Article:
Blog | December 1, 2011

Lauren’s Farm and Food Roundup

LaurenA new U.S. Department of Agriculture report found that farm sales have just about doubled in the past two decades, from about $650 million, adjusted for inflation, in the early 1990s to about $1.2 billion these days. Sales of “local foods,’’ (including direct sales at farmers markets and those sold through grocers and restaurants) amounted to $4.8 billion in 2008, and the department predicts locally grown foods will generate $7 billion in sales this year. Going loco for local!

The National Young Farmers’ Coalition, surveyed more than 1,000 young farmers nationwide in an effort to identify the pitfalls that are keeping a new generation of Americans from going into agriculture. Their findings? Difficulty accessing credit, inadequate educational infrastructure for farming, rising land prices, and an inability to compete with corporate farms.

Today about 31 states have adopted “cottage food laws,” allowing legal home-based food production on a small scale. This allows producers who are looking to generate extra income to avoid renting a commercial kitchen that can cost upwards of $25 per hour.

Rejoice, for pizza is a vegetable!? A new spending bill would continue to allow tomato paste on pizzas to be counted as a vegetable, as it is now. The bill puts the breaks on the USDA’s attempts to change the pizza-is-a-vegetable rule and limit potatoes in school lunches, delaying limits on sodium and a requirement to boost whole grains. The change of plans was was heavily lobbied for by food companies that produce frozen pizzas, the salt industry and potato growers. Bummer, I thought we had found the legendary pizza tree.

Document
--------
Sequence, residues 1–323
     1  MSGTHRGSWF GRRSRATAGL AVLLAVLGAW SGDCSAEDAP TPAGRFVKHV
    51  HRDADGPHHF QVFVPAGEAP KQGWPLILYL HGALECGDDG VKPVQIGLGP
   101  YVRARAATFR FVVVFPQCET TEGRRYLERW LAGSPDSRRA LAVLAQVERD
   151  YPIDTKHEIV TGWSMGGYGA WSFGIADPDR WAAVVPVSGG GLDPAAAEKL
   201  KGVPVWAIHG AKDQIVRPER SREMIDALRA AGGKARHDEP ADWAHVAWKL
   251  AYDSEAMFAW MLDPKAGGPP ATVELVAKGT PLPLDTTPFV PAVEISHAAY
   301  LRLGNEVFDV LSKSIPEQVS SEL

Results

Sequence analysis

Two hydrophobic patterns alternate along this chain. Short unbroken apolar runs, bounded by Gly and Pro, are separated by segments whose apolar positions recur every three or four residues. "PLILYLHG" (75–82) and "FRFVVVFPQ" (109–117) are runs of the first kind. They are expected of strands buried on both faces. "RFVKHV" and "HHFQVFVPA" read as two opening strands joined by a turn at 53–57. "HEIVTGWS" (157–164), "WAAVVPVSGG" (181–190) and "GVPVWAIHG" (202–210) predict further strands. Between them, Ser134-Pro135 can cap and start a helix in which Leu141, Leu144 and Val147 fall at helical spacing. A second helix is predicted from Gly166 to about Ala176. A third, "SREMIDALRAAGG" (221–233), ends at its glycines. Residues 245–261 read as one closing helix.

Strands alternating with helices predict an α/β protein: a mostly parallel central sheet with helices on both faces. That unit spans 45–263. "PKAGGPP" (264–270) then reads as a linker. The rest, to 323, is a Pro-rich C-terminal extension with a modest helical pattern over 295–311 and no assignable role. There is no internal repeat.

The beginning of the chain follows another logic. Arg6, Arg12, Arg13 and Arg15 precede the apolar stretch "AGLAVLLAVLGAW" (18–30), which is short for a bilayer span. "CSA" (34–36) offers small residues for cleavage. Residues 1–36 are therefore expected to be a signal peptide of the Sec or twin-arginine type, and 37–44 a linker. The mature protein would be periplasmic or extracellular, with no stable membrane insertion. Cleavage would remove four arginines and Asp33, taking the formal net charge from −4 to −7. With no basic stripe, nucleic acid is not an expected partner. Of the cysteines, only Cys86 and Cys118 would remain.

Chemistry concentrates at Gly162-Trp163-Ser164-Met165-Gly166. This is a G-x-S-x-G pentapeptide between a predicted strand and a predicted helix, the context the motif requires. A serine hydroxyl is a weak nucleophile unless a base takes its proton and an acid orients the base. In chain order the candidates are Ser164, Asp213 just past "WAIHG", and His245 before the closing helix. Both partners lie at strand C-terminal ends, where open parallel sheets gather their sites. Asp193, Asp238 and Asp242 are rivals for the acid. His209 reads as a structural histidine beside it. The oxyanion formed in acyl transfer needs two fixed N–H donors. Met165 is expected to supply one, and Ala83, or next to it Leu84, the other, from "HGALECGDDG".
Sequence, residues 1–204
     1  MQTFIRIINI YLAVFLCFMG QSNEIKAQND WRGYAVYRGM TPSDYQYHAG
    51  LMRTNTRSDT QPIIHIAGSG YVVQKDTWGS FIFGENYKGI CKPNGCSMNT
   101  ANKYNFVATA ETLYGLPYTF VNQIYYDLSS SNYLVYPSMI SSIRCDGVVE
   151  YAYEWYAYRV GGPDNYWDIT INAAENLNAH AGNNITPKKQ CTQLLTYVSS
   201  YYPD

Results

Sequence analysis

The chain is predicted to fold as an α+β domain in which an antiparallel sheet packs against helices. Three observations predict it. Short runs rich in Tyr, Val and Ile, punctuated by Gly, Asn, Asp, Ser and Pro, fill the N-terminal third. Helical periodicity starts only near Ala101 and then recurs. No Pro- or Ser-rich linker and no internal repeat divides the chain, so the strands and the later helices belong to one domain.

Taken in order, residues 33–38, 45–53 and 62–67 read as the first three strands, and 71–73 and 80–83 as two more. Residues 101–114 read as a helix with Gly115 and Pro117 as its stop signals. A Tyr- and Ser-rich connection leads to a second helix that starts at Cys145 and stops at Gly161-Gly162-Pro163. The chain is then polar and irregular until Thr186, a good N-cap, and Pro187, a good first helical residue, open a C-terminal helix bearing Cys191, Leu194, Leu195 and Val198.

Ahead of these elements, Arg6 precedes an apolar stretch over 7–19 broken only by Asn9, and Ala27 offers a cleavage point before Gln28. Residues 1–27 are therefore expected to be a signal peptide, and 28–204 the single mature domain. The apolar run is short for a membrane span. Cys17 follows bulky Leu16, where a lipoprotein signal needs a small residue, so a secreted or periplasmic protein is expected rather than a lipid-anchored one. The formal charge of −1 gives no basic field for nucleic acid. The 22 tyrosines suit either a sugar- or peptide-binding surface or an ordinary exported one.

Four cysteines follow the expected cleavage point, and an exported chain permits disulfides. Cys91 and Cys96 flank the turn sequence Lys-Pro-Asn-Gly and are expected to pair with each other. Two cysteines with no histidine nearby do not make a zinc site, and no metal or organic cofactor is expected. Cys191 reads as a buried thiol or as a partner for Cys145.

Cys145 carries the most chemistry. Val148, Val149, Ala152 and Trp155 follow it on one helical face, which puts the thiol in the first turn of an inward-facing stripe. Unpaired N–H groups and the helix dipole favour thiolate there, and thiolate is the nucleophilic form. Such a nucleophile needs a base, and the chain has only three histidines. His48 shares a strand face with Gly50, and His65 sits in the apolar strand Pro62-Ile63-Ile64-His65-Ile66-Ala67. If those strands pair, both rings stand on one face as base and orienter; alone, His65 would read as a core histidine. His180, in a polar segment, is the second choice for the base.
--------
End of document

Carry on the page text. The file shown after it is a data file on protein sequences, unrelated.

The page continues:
Detroit’s urban farming scene could get a boost, as Michigan’s Democratic state senator is preparing to introduce legislation that would exempt the city from a provision in the state’s Right to Farm Act which restricts municipalities from exercising regulatory authority over agriculture. Advocates of urban agriculture blame the provision for making it practically impossible to convert Detroit’s abundant fallow land for use by commercial farmers, because the city is reluctant to cede regulatory control when issues — like traffic and farm odors — might arise.

Despite the fact that study after study has demonstrated its dangers, Atrazine remains one of the most commonly used herbicides in the U.S., (it is applied to more than 75% of U.S. cornfields). The pesticide has been banned by the European Union, but Syngenta (the manufacturer of the substance) has funded research that seems to have convinced the U.S. Environmental Protection Agency that it’s totally safe. I suppose it is—if you don’t mind cancer, extremely irregular menstrual cycles and suppressed immune function.

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